a second inverter connected in series with the first inverter.
13. The power-up circuit according to claim 7 wherein the input stage comprises:
a voltage divider for providing the input stage with a divided supply voltage;
a first inverter adapted to receive the divided supply voltage;
a second inverter connected in series with the first inverter; and
a latch circuit connected in parallel with the first inverter, the latch circuit for holding an output of the first inverter at the first logic state during a power glitch on the supply voltage.
14. The power-up circuit according to claim 7 wherein the input stage comprises:
a voltage divider for providing the input stage with a divided supply voltage;
a capacitor connected to the voltage divider;
a bleeder circuit connected to the voltage divider for discharging the charge stored in the capacitor upon a power-down of the power-up circuit.
15. A power-up circuit formed in an integrated circuit for generating a power-up pulse based on a supply voltage rising from a reference potential to a steady supply voltage, comprising:
an output stage having a first input and being operable to generate at its output a leading edge upon receipt of the supply voltage and a trailing edge when the first input is at a predetermined logic state, the leading edge and the trailing edge sequentially generated by the output stage defining the power-up pulse; and
a pulse control circuit having an input connected to the output of the output stage and an output connected to the first input, the pulse control circuit operable to generate and apply the predetermined logic state to the first input after a delay period after the generation of the leading edge by the output stage to ensure a minimum width for the power-up pulse.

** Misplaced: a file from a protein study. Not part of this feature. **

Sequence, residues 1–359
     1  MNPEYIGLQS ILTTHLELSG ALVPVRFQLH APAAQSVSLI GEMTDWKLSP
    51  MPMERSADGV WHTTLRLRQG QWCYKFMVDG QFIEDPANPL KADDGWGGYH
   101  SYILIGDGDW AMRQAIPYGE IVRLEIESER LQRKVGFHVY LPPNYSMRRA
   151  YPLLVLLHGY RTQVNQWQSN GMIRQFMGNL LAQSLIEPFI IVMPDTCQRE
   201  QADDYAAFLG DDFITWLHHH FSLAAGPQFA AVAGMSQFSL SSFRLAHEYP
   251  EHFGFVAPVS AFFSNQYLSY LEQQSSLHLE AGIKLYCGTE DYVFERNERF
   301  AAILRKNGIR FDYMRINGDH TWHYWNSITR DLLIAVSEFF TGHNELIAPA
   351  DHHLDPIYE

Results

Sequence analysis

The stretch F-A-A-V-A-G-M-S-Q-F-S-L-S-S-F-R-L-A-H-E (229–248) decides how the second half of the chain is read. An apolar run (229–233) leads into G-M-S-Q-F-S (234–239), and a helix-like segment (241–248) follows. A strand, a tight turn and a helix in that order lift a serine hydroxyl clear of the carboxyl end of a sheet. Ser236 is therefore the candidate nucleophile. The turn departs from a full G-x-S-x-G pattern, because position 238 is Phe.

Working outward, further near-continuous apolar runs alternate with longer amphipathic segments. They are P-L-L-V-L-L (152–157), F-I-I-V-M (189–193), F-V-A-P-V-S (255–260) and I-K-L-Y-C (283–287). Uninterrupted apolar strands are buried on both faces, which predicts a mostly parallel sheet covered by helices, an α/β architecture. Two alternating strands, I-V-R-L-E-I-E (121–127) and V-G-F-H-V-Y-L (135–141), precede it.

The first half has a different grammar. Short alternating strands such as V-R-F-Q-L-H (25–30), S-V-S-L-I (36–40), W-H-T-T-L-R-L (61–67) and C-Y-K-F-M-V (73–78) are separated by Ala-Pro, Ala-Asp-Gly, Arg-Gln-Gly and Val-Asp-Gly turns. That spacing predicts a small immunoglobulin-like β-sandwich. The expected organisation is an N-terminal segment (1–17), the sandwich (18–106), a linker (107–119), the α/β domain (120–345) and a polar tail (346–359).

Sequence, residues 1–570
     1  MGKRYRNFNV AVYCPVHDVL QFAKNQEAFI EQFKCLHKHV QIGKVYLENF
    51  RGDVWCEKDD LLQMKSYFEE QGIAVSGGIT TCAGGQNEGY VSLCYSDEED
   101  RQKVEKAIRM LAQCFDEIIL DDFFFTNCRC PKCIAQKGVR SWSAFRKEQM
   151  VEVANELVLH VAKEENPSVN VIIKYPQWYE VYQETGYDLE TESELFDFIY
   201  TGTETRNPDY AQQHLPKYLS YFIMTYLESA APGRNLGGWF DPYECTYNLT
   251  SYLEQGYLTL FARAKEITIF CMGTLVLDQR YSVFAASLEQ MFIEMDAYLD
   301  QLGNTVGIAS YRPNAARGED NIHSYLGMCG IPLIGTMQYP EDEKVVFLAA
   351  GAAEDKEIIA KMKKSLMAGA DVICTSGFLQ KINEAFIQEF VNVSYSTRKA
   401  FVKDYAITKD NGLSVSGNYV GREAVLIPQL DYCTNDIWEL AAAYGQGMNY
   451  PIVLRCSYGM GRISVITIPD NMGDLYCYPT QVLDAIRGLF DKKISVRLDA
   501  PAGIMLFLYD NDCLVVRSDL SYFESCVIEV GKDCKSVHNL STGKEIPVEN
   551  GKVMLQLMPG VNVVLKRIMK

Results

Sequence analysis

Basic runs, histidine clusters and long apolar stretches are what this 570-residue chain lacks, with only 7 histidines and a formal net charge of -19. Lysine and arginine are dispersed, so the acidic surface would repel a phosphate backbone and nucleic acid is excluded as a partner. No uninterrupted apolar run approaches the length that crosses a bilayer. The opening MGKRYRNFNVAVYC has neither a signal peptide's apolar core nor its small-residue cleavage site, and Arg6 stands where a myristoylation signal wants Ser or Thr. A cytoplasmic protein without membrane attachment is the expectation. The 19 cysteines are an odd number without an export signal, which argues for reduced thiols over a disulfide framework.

16. The power-up circuit according to claim 15, further comprising:
an input stage having an input adapted to receive the supply voltage and an output connected to a second input of the output stage, the input stage operable to generate at its output a first logic state for a selected time period after receipt of the supply voltage and a second logic state thereafter;
wherein the output stage generates the leading edge when the second input is at the first logic state, and generates the trailing edge when the first input is at the predetermined logic state and the second input is at the second logic state.
17. The power-up circuit according to claim 16 wherein the input stage comprises:
a voltage divider; and
an isolating circuit for isolating the voltage divider from a reference ground to minimize a flow of current therethrough when the output of the input stage is maintained at the second logic state.
18. The power-up circuit according to claim 17 wherein the isolating circuit isolates the voltage divider before the trailing edge of the power-up pulse is generated.